* Rise in lending nearly erases four months of declines
* Small businesses have record low loan delinquencies
By Ann Saphir
CHICAGO, July 2 Lending to small U.S. businesses rose in May to its highest level this year, a sign of stronger economic growth ahead even as other data suggests fragility, a report showed on Monday.
The Thomson Reuters/PayNet Small Business Lending Index, which measures the overall volume of financing to small U.S. companies, rose to 108.4 from 96.6 in April, PayNet said. The gain reversed most of the declines of the prior four months.
Borrowing rose 18 percent in May from a year earlier, exceeding the average 2011 pace of 17 percent. The lending index historically has pointed to changes in overall economic growth several months later.
Low interest rates and stronger corporate balance sheets are probably fueling the increase in borrowing, said PayNet founder Bill Phelan.
And while the latest data is for only one month, he added, "I think it means we have a higher chance of sidestepping another contraction in the economy."
The jump in small business lending contrasts with other data signaling economic trouble, including a drop in consumer confidence in June and stalled consumer spending in May.
Top U.S. Federal Reserve officials, who have already slashed borrowing costs and have said they plan to keep rates near zero until at least 2014, are sifting through conflicting data to determine whether they should unleash another round of bond-buying to boost the recovery.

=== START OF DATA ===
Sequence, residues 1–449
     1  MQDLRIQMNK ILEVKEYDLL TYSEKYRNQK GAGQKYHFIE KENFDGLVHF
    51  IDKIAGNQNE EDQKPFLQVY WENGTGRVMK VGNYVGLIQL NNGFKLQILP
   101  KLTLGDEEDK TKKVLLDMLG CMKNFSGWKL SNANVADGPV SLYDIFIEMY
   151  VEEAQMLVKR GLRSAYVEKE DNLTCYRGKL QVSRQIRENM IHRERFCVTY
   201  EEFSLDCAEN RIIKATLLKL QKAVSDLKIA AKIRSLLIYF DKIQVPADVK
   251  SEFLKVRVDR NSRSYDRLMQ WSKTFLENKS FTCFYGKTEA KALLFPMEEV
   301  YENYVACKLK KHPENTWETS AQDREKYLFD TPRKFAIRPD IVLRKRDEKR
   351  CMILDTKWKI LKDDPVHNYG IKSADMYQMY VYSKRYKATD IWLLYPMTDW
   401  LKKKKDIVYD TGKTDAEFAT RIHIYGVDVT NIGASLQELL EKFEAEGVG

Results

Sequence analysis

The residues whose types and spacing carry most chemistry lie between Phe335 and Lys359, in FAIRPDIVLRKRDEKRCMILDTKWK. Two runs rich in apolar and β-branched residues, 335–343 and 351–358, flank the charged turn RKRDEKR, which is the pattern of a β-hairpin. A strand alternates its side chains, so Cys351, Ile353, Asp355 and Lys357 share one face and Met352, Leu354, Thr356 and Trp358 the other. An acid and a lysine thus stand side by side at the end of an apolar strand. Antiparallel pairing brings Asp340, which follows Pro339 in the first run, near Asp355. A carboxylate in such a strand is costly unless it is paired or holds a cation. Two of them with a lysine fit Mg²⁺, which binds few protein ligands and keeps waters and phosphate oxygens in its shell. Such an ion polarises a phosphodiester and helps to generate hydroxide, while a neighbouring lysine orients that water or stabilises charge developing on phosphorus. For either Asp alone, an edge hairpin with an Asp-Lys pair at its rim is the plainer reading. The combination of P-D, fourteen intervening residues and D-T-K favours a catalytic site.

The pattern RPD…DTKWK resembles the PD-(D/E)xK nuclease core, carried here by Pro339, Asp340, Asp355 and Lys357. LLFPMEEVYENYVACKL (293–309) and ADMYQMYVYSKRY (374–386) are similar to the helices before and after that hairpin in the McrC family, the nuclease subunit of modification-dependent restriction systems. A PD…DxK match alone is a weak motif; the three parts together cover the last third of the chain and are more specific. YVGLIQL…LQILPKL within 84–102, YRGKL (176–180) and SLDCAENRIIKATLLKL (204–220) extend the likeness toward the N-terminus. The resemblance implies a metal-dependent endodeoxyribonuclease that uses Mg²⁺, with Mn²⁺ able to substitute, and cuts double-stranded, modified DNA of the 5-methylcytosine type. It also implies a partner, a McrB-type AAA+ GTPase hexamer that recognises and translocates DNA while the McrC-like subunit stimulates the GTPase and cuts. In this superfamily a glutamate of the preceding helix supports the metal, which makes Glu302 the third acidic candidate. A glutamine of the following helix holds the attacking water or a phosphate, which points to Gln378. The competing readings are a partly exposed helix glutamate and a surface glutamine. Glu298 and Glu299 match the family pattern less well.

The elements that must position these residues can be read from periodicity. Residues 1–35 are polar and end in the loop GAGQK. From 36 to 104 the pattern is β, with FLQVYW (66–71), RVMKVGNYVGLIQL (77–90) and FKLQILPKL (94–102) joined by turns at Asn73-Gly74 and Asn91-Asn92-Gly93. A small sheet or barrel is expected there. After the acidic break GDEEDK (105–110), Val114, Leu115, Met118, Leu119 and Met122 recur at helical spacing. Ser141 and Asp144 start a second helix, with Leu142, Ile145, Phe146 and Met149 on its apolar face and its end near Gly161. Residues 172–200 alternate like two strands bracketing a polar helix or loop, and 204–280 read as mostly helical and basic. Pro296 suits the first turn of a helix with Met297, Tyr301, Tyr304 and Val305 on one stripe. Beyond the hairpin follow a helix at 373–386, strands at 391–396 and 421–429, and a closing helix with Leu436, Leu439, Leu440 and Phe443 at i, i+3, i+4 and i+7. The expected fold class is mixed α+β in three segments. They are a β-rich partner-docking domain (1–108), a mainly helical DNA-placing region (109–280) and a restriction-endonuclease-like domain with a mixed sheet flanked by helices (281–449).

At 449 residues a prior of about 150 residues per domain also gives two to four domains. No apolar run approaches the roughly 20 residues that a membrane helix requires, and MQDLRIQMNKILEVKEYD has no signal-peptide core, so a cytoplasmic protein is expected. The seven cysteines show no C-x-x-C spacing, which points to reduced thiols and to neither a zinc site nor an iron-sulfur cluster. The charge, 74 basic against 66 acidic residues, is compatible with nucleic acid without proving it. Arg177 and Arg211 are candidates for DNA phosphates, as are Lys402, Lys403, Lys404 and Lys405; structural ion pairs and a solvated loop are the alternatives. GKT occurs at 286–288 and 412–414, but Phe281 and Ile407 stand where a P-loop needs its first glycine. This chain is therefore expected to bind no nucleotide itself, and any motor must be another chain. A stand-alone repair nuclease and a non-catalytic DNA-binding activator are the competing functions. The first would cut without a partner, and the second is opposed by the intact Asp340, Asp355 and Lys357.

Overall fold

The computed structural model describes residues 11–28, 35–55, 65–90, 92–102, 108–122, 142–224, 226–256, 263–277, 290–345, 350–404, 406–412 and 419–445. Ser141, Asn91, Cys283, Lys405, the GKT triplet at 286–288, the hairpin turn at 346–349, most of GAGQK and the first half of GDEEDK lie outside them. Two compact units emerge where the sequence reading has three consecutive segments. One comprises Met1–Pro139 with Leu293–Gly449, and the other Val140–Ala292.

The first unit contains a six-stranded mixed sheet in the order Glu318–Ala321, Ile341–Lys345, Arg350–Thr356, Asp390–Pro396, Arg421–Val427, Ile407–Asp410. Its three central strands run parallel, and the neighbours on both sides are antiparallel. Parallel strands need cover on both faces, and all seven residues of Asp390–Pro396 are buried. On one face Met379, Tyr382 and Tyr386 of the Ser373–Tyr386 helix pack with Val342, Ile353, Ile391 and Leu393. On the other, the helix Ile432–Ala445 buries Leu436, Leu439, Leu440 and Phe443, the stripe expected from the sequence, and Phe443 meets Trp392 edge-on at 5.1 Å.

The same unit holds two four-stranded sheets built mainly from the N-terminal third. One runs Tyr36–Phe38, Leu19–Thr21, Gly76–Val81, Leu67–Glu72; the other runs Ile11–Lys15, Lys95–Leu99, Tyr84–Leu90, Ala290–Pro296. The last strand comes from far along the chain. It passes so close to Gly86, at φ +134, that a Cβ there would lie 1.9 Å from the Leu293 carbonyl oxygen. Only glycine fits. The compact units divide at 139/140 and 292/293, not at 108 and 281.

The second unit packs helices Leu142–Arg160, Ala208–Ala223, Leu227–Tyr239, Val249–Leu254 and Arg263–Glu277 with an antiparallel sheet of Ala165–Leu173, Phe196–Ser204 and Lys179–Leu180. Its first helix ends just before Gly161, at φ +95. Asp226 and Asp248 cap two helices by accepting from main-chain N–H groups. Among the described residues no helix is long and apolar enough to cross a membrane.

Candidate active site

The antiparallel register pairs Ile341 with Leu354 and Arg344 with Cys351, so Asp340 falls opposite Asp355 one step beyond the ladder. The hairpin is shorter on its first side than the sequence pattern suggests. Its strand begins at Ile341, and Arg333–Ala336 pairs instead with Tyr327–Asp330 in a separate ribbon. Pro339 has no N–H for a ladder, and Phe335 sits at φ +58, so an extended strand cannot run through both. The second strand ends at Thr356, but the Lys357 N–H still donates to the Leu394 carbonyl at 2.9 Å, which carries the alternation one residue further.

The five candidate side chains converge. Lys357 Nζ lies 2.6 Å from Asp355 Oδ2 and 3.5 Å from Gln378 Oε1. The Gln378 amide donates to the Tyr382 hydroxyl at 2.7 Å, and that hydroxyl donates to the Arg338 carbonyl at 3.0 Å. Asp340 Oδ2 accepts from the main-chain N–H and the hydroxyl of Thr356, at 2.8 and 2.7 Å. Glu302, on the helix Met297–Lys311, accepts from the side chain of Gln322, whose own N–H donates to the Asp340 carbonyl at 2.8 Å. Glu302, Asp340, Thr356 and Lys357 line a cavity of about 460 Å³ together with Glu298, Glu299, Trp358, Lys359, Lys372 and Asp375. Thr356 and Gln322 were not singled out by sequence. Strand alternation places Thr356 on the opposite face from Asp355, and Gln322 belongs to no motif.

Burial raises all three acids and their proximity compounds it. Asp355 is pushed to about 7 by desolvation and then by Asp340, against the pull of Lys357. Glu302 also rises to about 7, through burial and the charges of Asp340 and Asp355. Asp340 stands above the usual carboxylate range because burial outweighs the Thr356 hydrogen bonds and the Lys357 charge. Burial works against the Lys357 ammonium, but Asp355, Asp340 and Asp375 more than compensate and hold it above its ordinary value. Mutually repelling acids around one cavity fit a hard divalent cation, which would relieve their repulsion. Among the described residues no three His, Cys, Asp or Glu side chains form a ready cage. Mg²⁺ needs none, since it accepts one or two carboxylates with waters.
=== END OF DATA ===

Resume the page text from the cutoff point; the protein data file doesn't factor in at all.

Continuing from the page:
Last week several Fed policymakers said they had trimmed their growth forecasts, but there was no clear consensus that more stimulus would be needed.
Separate PayNet data showed that fewer companies are falling behind on their existing loans, boding well for their capacity to borrow now and in the future.
Accounts that were behind in payments by 30 days or more fell to 1.18 percent of the total from 1.28 percent in April, far below the high of 4.41 percent reached in May 2009. This was also the lowest level since PayNet began tracking the data in 2005.
Accounts behind 90 days or more, or in severe delinquency, dropped to 0.29 percent from 0.34 percent.
Accounts behind 180 days or more, which are considered in default and unlikely ever to be paid, eased to 0.40 percent from 0.44 percent.
PayNet collects real-time loan information, such as originations and delinquencies, from more than 250 leading U.S. lenders.